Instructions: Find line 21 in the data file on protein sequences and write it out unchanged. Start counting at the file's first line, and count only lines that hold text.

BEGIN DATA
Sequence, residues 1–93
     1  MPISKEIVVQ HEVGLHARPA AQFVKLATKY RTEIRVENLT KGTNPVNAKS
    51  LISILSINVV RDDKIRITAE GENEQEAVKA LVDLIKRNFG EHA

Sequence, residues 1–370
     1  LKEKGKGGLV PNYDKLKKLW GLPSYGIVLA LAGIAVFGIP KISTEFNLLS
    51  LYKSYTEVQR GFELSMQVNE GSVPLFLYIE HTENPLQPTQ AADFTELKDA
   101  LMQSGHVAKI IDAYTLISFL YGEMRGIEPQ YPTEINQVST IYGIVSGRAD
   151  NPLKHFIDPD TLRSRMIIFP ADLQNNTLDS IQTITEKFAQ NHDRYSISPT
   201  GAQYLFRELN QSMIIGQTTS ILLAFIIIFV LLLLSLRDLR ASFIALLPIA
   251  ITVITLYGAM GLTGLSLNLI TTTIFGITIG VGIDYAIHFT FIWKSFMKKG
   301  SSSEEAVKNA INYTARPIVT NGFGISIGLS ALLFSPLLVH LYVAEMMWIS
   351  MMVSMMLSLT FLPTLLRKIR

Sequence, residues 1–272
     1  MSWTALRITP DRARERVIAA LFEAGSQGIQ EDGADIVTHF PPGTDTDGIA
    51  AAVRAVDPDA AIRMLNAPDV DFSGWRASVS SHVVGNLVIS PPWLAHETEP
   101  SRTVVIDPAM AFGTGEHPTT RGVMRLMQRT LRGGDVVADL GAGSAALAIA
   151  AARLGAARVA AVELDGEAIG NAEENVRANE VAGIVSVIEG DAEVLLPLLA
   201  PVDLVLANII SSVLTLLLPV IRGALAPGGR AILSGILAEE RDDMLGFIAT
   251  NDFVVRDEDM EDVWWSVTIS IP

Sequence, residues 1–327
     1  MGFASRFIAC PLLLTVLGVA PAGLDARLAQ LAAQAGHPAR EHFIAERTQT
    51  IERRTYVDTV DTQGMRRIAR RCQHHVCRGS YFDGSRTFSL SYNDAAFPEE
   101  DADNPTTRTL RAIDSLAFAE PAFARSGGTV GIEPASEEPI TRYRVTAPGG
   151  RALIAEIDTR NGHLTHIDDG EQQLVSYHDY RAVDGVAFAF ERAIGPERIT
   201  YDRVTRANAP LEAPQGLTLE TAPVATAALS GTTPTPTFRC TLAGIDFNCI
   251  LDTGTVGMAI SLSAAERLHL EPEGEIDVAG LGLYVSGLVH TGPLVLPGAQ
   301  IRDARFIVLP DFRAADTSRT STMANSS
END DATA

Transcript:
     1  MGFASRFIAC PLLLTVLGVA PAGLDARLAQ LAAQAGHPAR EHFIAERTQT